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Alan Mackay-Sim with students at the 2018 World Science Festival Brisbane

Kalinda (Year 11): What advice would you give to high school kids you would like to pursue science?

Alan: I can only speak from my own experience. If you want to do science, you’ve got to be really passionate about it. And have one of those brains that asks, “why is that?” instead of just accepting information. It has to be inside you.

Pria (Year 8): How do you see stem cells being used in the future?

Alan: With stem cells, the first idea was to use their ability to make all sorts of other kinds of cells to make cells for repairing the body.

Actually, this will be a lesser contribution than using the stem cells from people with a particular disease to tell us more about that disease. And hence, they might be able to use them for finding drugs for that disease.

This ‘disease in a dish’ research is what I’m concentrating on now.

For example, 10 years ago a patient support group for hereditary spastic paraplegia—a genetic disease where people get increasing spasticity and muscle weakness and they end up in a wheelchair—asked what we could do for them. So, we took cells from people’s noses and looked at the them, compared the biology and the differences between them, thought of a way to manipulate that with some drugs, and now we have a drug that we’re going to take to clinical trial.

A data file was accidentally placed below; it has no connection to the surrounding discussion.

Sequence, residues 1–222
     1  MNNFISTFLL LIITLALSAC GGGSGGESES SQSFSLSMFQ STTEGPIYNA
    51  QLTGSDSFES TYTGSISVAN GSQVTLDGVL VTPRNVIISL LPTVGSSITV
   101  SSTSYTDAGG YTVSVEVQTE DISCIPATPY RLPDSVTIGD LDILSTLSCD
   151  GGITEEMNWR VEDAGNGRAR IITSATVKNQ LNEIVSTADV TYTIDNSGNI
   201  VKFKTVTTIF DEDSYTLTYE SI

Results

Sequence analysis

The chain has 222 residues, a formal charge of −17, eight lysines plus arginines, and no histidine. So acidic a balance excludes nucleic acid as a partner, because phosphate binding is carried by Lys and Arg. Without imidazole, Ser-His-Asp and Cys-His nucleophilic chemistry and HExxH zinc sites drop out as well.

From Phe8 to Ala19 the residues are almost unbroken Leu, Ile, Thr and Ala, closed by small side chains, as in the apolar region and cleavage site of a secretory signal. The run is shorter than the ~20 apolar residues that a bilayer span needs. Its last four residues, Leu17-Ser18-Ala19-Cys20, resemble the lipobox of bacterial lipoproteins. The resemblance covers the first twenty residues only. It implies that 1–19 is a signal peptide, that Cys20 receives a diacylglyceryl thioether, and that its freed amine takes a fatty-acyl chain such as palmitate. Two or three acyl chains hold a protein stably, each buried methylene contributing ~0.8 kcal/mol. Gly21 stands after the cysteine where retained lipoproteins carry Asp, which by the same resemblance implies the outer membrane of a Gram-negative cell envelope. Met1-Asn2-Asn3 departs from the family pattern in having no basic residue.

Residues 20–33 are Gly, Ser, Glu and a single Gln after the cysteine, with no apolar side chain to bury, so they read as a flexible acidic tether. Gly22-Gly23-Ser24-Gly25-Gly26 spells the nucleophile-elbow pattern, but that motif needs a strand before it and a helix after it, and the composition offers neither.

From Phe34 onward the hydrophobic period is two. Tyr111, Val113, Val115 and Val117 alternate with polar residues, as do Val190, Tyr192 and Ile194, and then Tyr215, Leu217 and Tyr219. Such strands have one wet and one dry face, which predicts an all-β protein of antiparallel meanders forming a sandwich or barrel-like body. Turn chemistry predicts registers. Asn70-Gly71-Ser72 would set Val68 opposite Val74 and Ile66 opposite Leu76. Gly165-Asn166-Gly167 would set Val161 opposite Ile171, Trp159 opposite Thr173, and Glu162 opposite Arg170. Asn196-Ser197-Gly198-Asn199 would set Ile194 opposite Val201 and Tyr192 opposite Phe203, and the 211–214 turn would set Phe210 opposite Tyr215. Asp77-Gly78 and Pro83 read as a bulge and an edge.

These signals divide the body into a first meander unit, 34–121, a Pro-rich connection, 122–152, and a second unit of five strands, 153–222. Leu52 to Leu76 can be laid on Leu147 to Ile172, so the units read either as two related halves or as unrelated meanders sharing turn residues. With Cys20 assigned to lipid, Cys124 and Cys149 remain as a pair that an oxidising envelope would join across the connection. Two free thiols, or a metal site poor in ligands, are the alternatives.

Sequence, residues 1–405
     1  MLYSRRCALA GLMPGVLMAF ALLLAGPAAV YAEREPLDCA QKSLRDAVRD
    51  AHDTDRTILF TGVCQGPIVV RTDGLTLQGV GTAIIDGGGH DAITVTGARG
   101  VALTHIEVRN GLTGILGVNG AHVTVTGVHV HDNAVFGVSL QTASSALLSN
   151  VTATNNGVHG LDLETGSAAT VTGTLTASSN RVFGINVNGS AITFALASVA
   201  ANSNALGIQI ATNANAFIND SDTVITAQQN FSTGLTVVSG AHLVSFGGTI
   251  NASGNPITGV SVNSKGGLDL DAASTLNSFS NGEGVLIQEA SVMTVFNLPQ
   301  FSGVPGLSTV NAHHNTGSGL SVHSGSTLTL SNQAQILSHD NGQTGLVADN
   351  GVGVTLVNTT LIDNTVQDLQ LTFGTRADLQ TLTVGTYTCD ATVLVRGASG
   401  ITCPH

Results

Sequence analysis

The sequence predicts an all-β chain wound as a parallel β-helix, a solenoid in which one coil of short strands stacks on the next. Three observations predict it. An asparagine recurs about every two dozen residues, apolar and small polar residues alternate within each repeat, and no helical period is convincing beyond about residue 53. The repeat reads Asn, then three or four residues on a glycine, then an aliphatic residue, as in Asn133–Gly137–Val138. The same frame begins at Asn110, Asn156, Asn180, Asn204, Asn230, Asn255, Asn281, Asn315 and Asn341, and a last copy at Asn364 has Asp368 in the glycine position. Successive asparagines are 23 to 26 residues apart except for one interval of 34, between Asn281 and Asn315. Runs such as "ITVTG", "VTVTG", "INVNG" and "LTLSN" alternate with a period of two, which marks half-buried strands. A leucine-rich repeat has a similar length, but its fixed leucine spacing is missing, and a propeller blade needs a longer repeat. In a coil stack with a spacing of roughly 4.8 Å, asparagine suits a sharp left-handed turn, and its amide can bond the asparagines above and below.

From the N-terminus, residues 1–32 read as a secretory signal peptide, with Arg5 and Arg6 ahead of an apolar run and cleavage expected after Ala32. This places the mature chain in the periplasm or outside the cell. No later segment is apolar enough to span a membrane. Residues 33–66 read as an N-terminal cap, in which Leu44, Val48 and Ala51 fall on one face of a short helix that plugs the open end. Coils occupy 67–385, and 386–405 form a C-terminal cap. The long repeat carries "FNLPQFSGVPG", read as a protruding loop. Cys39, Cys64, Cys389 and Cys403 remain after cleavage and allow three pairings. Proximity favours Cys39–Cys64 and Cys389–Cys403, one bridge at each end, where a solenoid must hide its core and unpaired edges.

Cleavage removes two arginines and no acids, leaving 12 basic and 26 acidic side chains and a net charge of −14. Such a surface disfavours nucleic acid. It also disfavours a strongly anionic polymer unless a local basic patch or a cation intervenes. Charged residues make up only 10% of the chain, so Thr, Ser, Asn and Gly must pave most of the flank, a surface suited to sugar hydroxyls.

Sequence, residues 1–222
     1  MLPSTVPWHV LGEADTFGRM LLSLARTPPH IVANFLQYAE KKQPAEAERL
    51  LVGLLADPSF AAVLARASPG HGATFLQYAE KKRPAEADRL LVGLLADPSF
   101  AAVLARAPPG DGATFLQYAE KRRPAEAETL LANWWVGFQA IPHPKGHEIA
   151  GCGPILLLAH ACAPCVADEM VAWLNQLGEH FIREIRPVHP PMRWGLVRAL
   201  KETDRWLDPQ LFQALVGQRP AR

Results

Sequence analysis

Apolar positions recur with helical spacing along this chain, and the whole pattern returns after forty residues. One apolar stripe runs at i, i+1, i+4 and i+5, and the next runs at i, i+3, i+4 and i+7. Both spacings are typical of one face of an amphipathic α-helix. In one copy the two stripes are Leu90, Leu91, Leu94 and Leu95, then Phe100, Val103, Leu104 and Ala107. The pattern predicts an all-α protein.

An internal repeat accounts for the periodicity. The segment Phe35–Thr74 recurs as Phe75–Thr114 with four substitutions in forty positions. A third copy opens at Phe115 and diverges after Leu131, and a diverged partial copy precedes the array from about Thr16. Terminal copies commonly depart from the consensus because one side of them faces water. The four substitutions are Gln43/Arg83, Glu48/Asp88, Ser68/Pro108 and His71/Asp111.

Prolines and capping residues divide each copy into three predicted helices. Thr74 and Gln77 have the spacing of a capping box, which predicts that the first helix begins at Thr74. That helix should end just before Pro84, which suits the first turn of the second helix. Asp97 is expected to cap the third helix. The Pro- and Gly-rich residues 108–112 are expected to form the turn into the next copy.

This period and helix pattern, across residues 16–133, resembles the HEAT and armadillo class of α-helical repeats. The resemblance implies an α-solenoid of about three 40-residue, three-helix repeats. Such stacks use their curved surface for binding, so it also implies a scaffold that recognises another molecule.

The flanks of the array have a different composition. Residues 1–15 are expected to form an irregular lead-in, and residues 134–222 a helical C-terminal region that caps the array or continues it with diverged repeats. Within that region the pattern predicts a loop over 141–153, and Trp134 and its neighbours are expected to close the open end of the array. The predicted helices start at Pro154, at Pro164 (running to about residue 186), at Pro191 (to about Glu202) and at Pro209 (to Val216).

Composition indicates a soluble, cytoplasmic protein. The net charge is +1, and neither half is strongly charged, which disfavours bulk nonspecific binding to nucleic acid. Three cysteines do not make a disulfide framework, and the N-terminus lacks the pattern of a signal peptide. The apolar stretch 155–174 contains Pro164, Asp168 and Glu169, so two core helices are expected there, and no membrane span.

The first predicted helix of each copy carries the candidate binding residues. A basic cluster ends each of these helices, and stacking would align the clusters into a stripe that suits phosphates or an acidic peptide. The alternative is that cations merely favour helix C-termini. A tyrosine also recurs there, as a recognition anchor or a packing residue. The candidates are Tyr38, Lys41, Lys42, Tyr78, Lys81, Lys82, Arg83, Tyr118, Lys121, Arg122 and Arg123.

All this work was done through studying the cells in the dish. I’m committing myself in that direction because I think that’s the REAL future for stem cell biology.

Jack (Year 5): Everyone has done something that is particularly exciting, interesting or amazing at least once in their life. Tell me about something you have done that would make your grandchildren say, ‘Wow! I never knew that!’

Alan: Apparently, being Australian of the Year is not enough for Jack! (laughs)

When I was younger and at university, I spent a lot of time hang-gliding when I wasn’t studying. That’s pretty exciting—flying at about 2,000 feet above the ground. But it led to me crashing into a tree and almost killing myself. That was also pretty exciting. I ended up in hospital with a broken knee and was in plaster for nine months.

Harshini: Professor Mackay-Sim, your research into the use of adult stem cells for medical applications is truly remarkable. However, from what I understand this took years of studying the topic, many trial and errors to finally reach where you are now. I imagine this must have been a gruelling but rewarding journey and my question to you is, what was the drive behind your consistent persistence in your research?

Alan: It’s not gruelling. You might have difficulties; you swear a bit. You might get comments from journal referees, and you’re swearing again. But it’s just part of the journey.

Curiosity keeps you going—wanting to know more. And knowing that what you’re doing has a potential benefit. That’s why I got into it. I wanted to contribute to knowledge and contribute to the health of people. You also know there are other people doing the research, and you want to get the idea out there first! It’s a combination of cooperation, collaboration and competition.